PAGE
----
The United States lives on oil. Every product you consume every trip you take requires oil. Anything plastic takes oil to make, all food produced in this country requires tractors and transportation that run on gasoline or diesel, both oil derivative. As the cost per barrel continues to climb what will happen to the cost of oil dependent products? Sixty eight percent of the oil consumed in the United States is for transportation. $100 a barrel oil will translate into roughly four to five dollar a gallon gas. It is estimated that $200 a barrel oil will bring eight to ten dollar a gallon gas. That’s $160 to $200 to fill up the twenty gallon tank on your SUV!

These escalating prices will not come down. It is taking more and more money to pump the oil out of the ground and as long as there is a demand these costs will be pushed onto the end consumer. Very few people in the United States can afford a mortgage payment equivalent in gas every month. The urban sprawl that we have created is not conducive to walking; very few subdivisions even have sidewalks. What is going to happen when the majority of Americans can not afford to drive to work let alone the grocery store? Will they sit quietly while they try to decide between the children getting feed or driving to work? They won’t sit quietly and the government knows it.

Population Control

The War on Terror is a front for placing surveillance and police control mechanisms in America. Billions have been funneled into local police departments to beef up intelligence gathering and detainment facilities. Department of Homeland Security (DHS) maintains in-depth records on every American including purchases, travel and web activities. DHS monitors all communications through involvement with telecommunications companies and maintains a national privatized police force through contracts with mercenary groups like Blackwater USA. These private mercenaries can be called upon any time the local officials fail to carry out government orders.

DHS routinely conducts mass arrests in coordination with local police department. These are conducted under the name Operation Falcon and are dress rehearsal for future crackdowns on potential enemies of the state. The three Operation Falcon exercises conducted in April 2005, April 2006 and October 2006 netted 30,110 fugitives. Why does the DHS need to practice coordinated mass arrests and detentions. Who provides the detainees names? Is this the ultimate goal of the Terror Watch Lists which as of this writing contains 750,000 American names? If this is truly a foreign terrorist threat why so many American citizens.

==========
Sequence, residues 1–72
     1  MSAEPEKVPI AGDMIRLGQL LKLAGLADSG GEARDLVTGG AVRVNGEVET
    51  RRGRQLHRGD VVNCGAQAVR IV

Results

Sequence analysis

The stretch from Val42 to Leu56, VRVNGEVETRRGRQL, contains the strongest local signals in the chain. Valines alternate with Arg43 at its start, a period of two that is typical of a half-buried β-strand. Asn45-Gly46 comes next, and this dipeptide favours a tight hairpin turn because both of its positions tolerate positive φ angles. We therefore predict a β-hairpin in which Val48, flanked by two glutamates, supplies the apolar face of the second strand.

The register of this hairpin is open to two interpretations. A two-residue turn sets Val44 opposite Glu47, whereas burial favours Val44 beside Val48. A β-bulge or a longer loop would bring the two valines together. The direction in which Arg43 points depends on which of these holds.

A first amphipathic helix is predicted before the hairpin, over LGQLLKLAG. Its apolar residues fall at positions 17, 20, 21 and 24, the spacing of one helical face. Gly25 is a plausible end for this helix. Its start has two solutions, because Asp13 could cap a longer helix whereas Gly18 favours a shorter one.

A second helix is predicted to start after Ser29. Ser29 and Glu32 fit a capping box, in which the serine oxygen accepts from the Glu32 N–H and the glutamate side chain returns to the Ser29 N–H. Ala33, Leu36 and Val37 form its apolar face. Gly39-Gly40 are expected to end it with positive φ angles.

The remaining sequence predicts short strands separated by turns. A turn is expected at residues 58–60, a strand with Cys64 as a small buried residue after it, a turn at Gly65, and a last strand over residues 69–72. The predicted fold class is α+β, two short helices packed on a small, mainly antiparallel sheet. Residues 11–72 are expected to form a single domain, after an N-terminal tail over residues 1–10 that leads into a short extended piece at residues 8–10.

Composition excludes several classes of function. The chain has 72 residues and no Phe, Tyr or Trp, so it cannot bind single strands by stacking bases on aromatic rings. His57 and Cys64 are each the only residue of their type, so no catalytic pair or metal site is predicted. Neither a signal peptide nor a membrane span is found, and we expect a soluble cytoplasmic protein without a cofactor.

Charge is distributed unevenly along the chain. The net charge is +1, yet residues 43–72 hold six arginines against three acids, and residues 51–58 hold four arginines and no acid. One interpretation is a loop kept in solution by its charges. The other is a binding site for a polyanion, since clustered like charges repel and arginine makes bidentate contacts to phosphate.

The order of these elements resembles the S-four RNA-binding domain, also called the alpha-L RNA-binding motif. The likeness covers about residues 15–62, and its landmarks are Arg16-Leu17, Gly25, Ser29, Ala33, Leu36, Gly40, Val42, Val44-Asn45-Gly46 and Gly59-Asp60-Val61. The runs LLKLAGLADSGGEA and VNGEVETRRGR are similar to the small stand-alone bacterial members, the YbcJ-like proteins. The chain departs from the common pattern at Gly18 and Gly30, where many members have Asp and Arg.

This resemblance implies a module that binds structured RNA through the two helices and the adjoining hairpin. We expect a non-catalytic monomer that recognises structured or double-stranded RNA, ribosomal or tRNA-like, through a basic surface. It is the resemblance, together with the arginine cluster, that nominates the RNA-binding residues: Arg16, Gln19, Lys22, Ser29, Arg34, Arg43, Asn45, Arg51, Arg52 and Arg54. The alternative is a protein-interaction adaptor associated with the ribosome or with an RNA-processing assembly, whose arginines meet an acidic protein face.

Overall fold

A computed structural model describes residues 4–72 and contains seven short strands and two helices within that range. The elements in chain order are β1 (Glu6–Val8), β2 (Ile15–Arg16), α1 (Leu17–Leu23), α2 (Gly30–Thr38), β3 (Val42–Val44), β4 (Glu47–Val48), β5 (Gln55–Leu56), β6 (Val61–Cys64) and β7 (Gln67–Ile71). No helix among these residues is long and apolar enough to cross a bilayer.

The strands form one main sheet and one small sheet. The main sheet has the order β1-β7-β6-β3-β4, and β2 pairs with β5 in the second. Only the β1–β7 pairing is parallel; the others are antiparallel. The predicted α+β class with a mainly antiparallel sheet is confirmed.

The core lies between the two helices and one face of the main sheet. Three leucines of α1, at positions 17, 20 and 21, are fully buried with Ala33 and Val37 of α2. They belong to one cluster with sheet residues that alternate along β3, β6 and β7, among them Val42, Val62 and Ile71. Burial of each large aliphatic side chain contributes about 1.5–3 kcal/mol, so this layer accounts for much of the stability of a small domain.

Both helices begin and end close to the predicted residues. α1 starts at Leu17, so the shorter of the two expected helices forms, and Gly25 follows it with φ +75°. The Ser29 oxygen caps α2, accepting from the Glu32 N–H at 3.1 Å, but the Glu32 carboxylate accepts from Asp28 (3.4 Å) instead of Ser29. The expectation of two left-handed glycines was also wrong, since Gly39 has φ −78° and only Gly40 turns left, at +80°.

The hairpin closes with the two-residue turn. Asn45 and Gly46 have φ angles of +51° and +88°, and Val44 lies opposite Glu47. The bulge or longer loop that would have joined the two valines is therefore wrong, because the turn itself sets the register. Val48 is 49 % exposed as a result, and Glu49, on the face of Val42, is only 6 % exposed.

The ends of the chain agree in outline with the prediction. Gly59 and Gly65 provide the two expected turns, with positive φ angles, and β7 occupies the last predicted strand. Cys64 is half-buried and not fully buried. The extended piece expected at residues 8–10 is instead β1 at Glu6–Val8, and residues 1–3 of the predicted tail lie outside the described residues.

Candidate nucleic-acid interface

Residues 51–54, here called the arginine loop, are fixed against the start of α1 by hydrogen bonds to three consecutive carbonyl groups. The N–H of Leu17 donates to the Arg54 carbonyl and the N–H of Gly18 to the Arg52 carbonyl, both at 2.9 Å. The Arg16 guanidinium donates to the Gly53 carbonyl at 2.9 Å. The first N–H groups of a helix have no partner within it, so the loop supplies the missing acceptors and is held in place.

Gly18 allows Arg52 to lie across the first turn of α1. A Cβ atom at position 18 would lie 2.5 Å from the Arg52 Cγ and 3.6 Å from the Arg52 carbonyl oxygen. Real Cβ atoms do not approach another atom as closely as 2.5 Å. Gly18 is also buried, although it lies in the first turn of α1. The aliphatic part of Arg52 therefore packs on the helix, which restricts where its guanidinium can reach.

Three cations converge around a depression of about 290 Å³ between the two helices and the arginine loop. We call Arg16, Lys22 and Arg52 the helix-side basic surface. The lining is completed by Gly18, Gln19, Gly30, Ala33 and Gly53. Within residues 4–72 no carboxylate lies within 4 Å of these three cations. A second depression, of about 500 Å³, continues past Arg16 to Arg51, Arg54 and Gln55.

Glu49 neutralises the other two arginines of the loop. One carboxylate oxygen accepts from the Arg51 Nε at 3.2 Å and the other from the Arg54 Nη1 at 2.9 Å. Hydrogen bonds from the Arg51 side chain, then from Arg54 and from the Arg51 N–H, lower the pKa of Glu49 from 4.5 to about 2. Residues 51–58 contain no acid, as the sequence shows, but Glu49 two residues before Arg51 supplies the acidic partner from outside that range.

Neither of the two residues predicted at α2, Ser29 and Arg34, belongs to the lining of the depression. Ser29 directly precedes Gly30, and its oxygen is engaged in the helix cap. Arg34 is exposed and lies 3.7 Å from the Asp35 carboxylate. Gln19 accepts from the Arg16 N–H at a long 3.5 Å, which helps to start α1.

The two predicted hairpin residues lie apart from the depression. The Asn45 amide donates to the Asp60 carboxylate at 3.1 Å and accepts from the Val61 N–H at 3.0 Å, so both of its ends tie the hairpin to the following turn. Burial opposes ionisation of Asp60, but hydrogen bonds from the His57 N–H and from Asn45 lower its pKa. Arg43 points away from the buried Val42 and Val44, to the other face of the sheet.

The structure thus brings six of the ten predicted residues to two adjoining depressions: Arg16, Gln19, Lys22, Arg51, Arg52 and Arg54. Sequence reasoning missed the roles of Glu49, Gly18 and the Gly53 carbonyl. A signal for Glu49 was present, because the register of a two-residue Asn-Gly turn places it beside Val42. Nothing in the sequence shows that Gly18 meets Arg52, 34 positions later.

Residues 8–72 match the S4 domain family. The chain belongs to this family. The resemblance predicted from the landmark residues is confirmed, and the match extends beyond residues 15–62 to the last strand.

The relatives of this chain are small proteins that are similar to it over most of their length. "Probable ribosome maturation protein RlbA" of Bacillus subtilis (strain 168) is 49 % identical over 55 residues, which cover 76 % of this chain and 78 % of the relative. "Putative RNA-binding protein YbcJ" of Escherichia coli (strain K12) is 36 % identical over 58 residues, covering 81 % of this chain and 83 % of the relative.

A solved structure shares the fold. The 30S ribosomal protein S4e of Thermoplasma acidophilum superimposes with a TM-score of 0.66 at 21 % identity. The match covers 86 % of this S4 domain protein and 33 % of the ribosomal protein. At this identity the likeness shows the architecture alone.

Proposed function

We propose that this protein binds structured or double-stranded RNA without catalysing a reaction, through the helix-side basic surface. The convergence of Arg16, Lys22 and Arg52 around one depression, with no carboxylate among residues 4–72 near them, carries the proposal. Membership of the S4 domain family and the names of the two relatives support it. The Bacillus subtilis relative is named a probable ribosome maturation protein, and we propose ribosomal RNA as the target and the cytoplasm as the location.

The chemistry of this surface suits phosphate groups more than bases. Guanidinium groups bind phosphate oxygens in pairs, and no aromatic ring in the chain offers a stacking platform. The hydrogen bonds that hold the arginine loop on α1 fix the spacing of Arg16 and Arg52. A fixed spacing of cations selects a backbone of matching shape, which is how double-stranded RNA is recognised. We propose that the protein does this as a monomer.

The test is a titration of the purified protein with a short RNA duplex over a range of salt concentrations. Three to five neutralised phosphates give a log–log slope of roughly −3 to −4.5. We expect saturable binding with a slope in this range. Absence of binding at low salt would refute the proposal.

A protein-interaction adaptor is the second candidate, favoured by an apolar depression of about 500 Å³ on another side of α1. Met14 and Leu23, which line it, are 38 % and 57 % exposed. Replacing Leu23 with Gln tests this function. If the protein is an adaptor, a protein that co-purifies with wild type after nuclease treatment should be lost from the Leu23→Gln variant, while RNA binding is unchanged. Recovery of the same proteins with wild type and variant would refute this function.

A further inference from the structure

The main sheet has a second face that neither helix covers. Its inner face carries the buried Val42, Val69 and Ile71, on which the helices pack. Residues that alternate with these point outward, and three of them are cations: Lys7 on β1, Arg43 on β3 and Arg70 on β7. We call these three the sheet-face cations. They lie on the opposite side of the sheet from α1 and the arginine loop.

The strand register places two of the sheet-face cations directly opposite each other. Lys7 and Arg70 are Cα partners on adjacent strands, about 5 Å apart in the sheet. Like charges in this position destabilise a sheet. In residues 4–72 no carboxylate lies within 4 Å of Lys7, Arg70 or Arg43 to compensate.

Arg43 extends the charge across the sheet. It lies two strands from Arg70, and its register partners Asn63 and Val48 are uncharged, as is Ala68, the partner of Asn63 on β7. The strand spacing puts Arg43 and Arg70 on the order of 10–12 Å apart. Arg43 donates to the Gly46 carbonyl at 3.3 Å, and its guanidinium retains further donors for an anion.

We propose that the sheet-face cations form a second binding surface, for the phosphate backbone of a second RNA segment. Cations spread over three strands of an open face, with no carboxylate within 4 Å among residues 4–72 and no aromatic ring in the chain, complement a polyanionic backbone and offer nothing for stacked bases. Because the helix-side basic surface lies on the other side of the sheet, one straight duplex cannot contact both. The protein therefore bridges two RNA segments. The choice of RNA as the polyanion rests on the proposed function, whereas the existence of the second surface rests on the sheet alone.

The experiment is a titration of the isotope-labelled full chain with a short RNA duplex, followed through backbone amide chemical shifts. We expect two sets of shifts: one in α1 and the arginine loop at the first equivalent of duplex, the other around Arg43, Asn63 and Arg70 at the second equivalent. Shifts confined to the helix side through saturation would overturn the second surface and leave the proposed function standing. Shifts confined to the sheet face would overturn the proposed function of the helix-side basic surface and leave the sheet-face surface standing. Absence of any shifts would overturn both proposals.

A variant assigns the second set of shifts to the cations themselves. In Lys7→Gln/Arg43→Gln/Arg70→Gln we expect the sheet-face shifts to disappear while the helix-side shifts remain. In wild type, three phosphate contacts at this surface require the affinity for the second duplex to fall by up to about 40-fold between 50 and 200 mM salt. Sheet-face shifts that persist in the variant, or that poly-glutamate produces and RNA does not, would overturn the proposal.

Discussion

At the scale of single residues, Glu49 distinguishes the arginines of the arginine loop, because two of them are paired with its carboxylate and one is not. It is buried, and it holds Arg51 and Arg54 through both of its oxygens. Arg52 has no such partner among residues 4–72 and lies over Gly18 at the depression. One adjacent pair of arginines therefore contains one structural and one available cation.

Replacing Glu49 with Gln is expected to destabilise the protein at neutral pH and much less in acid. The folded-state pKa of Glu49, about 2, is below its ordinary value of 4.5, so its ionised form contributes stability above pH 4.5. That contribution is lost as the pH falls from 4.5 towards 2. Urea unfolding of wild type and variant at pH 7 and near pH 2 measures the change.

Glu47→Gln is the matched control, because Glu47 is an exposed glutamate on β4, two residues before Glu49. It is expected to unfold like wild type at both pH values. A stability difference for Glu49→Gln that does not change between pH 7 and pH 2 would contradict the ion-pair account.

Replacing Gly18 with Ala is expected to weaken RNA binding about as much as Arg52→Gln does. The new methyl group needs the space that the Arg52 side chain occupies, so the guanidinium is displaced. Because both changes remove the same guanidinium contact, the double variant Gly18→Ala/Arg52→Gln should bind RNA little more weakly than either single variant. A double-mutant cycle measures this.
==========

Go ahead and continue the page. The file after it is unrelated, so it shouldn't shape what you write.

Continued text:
It is interesting that the bulk of the money spent on deterring terrorists in the United States is directed towards surveillance and tracking of American citizens. If DHS was truly interested in foreign terrorists then they would secure the boarders and inspect the tons of cargo coming into our ports. A person with a vial of small pox could walk across our northern or southern boards at any time. A large nuclear device could easily be smuggled into an American city in a cargo shipping container from anywhere in the world. Why not invest these billions on a border fence or border surveillance system. Perhaps hire inspectors to investigate the millions of cargo containers coming into the country.

Clearly there is no foreign terrorist threat. The real threat comes from a displaced and unhappy population of American citizens, forced onto the streets by a lack of jobs, foreclosures and runaway gas prices. Up to this point in American history the government has never needed to track their own citizens. What has changed?

Controlled Economic Collapse

The United States is in a controlled economic collapse. For a global economy to work the playing field must be equal. Regions must compete with each other for the small amount of wealth shared by the corporate elite. Profits can only be maximized if this competition takes place. This cannot happen in a country with a strong wealthy middle class. The middle class in the United States is disappearing and the dollar is being devalued and eliminated so a more profitable North American Union can be established on the ruins of this once great empire. The wealth has been reallocated from this county to other nations and global corporations through trade deficits and government contracts. The American way of life must be destroyed for Globalization to work and for the United States to transition to a post oil economy.

Nice paying jobs in the technology and manufacturing fields are outsourced to countries with slave labor. This has destroyed the middle class in America. The service industry is replacing the higher end jobs at a salary of roughly one quarter. This was temporarily offset by the artificially inflated housing market; a well laid trap many Americans are now caught in. Hundreds of thousands of jobs were created in the real estate, construction and banking markets. These jobs helped slow the economic decline while control mechanism were established.

It also stuck home owners with mortgages considerably larger than the value of their home essentially tying them to their property. If they loose their jobs in this environment it is game over for the family; they will be on the street or squatting in their repossessed home.